Following its launch in August, 2005 and a year of interplanetary cruise and aero-braking, the successful Mars
Reconnaissance Orbiter (MRO) mission is currently orbiting Mars and down-linking imagery from the High Resolution
Imaging Science Experiment (HiRISE) camera. The primary objectives of the MRO mission are to characterize the
present climate of Mars, look for evidence of water-related activities, and characterize potential landing sites. After only
four months in the Primary Science Phase (PSP) of the mission, MRO has returned more data than any other previous
Mars mission. Approximately one-third of this data volume is from the HiRISE camera, built by Ball Aerospace &
Technologies Corporation (BATC), for the University of Arizona (UofA), Department of Planetary Sciences.
With a 0.5-meter primary mirror, the HiRISE instrument includes the largest optical telescope ever sent beyond Earth's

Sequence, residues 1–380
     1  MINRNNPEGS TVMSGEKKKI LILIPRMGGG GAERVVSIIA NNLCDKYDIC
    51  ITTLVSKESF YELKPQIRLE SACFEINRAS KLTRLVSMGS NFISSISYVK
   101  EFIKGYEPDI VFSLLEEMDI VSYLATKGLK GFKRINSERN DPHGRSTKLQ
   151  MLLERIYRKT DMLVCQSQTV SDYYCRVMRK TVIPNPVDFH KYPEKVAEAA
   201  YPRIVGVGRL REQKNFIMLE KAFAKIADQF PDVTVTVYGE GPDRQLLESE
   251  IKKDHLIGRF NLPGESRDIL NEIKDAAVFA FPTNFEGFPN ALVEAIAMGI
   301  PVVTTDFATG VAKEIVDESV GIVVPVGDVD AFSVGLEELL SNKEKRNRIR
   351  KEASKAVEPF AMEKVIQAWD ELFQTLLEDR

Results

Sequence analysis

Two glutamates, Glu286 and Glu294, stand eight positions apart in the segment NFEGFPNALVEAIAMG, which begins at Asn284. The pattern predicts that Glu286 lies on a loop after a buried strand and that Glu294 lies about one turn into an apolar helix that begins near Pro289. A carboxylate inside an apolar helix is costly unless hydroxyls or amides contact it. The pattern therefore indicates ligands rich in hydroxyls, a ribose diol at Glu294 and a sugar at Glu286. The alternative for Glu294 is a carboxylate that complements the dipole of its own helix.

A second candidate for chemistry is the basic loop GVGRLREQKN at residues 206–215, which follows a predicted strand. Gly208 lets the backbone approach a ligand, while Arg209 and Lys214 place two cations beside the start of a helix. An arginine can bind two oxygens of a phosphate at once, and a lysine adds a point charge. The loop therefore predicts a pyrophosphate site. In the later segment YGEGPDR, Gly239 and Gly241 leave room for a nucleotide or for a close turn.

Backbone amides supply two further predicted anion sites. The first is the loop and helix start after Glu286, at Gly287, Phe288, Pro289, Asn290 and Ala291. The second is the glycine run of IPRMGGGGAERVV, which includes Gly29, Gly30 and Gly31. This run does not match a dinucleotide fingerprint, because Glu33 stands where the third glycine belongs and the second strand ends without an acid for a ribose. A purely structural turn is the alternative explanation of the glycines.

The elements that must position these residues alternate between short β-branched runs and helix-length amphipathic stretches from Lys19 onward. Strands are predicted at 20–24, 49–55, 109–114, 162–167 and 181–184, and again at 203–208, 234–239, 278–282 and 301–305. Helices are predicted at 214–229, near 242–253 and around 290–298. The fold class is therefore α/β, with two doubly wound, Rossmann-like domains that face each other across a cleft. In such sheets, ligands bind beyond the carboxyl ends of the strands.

orbit, and is producing images with unprecedented resolution. It has detected objects of less than one meter size from
the nominal orbit of 250 x 320 km. The highest resolution images have a scale of 25 to 32 cm per pixel (1.0 microradian
IFOV). HiRISE is a "push-broom" camera with a swath width of 6 km in a broad red spectral band and 1.2 km in blue-green
and near infrared bands. There are 14 CCD detector chips (2048 x 128 TDI elements each) on the focal plane.
The HiRISE camera was designed to minimize use of spacecraft resources. Even with a half-meter primary mirror,
through the use of lightweight glass optics and graphite-composite structures the final mass of the instrument is only
64.2 kg. It maintains a nearly uniform telescope temperature of 20°C yet its orbital average power consumption is less
than 60 W.
An overview is given of the NASA MRO mission and the HiRISE instrument. Pre-launch activities are detailed and the
launch time discussed. An account is given of the cruise events, along with a description of aerobraking and the primary
science phase. A sample of science results are presented, including a wealth of imagery.